News Develops on Latest Round of Armenia, Turkey Backdoor Talks

YEREVAN (RFE/RL)–Senior diplomats from Armenia and Turkey have held more confidential negotiations in an effort to deepen an unprecedented thaw in the historically strained relations between their nations that was underscored by Turkish President Abdullah Gul’s recent visit to Yerevan.

Reports in the Turkish media have said that the talks took place in Switzerland early last week and centered on a joint Turkish-Armenian declaration that could be issued after the upcoming meeting in New York between the two countries’ foreign ministers.

According to the “Hurriyet” daily, the Turkish side was represented by Foreign Ministry Undersecretary Ertugrul Apakan and his deputy Unal Cevikoz. Diplomatic sources in Yerevan confirmed the information, telling RFE/RL that the Armenian delegation was headed by Deputy Foreign Minister Arman Kirakosian.

Armenian and Turkish diplomats already held similar talks in Geneva in July and May, setting the stage for Gul’s historic September 6 trip to Yerevan. Gul and his Armenian counterpart Serzh Sarkisian sounded unusually optimistic about the future of bilateral ties after their face-to-face talks in the Armenian capital.

“There have always been contacts between Armenian and Turkish diplomats and there is nothing extraordinary about those meetings,” Nalbandian said on Friday, commenting on the latest Turkish press reports. He also did not deny that the two sides are working on a joint declaration that would mark a further step towards the normalization of Turkish-Armenian relations.

The declaration is expected to be high on the agenda of Nalbandian’s meeting with Turkey’s Foreign Minister Abdullah Gul scheduled for Thursday. The meeting will take place on the sidelines of the UN General Assembly in New York.

Citing a government source in Ankara, the “Turkish Daily News” reported on Monday that the document will underline the two governmen’s’ stated commitment to a rapprochement and call for the creation of Turkish-Armenian commissions dealing with economic and other issues of mutual interest. The paper said one of the planned committees would be made up of historians tasked with studying the “common history” of the two nations and, in particular, the 1915 mass killings of Armenia’s in Ottoman Turkey.

Ankara has for years been pushing for a Turkish-Armenian commission to %u218study’ the Armenian Genocide. Yerevan has long opposed the idea, as it would allow Turkey to twist the facts and cast a shadow of doubt on the Genocide.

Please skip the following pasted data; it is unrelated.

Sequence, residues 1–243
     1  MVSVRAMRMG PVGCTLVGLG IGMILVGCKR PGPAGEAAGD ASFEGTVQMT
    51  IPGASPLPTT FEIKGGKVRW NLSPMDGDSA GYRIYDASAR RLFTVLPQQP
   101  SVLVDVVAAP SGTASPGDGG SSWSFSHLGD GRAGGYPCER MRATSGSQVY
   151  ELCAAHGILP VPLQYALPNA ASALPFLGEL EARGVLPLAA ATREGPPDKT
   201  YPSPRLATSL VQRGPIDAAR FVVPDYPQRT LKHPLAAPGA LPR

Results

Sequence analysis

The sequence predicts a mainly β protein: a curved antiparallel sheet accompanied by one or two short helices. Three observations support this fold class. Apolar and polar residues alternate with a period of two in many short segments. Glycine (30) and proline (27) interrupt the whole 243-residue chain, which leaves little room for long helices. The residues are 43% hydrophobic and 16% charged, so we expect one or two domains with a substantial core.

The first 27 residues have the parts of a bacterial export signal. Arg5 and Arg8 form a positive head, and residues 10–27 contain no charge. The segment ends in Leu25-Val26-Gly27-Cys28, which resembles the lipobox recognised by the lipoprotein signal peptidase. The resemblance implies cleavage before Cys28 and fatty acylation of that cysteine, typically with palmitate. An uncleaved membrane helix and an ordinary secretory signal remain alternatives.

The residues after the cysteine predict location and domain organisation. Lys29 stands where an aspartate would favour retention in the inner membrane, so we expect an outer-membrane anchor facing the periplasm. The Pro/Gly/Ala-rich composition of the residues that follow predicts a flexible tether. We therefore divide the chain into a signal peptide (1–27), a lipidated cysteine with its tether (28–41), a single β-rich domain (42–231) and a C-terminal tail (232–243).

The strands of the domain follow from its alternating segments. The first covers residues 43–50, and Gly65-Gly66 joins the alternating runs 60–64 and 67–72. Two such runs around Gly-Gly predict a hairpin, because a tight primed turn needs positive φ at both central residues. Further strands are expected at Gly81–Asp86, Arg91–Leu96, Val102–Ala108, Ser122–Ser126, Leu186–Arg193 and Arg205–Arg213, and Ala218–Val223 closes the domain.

Such a commission would attempt to question the veracity of the 1915-1923 Armenian Genocide and provide Turkey with a much needed opportunity to further blur the reality of the Genocide and strengthen its denialist argument against historians, international organizations, and legislatures affirming the fact of the Armenian Genocide.

Turkish diplomatic and media sources now say that Yerevan is open to establishing a commission. But President Sarkisian continues to stress that the veracity of the Genocide cannot be questioned and any such commission would only be established after the normalization of relations.

In an interview with the Turkish daily “Milliyet” published on Sunday, Sarkisian reiterated that he is not against the Turkish proposal in principle, but said the commission of historians should be set up only after Turkey agrees to establish diplomatic relations and open the border with Armenia.

“I have said that before setting up any committee it would be better to establish diplomatic relations and open the border,” he said. “And then we can establish different committees and sub-committees on every issue.”

Sarkisian also made clear that the would-be commission’s findings and recommendations must not be binding for Armenia. “A group of academicians and historians will sit down and say something,” he said. “Suppose I recognize their decision. What if my successor comes up and says ‘I don’t’?’

“In other words, the decision of this committee can not be binding. It can only be a recommendation for governmen’s and decision-makers.”

The unresolved Nagorno-Karabakh conflict is another, arguably more serious obstacle to the Turkish-Armenian rapprochement, with Turkey anxious not to upset Azerbaijan, it close Turkic ally. Just days after his Yerevan trip Gul traveled to Baku to allay Azerbaijani leaders’ apparent fears about a possible softening of his country’s policy on Armenia. Ankara has also initiated a trilateral meeting in New York this week of Babacan, Nalbandian and Azerbaijani Foreign Minister Elmar Mammadyarov.

“The government of Armenia has started to much better understand just how important the Nagorno-Karabakh problem is to Turkey,” Babacan told the Azerbaijani APA news agency on Wednesday. He would not say if a Karabakh settlement remains a precondition for the opening of the Turkish-Armenian border.

For his part, Nalbandian sought to dispel domestic concerns about Turkey’s growing involvement in the Karabakh peace process that has long been spearheaded by the United States, Russia and France. “Negotiations aimed at resolving the conflict are continuing within the framework of the OSCE Minsk Group and on the basis of proposals made by its [U.S., Russian and French] co-chairs,” he said.

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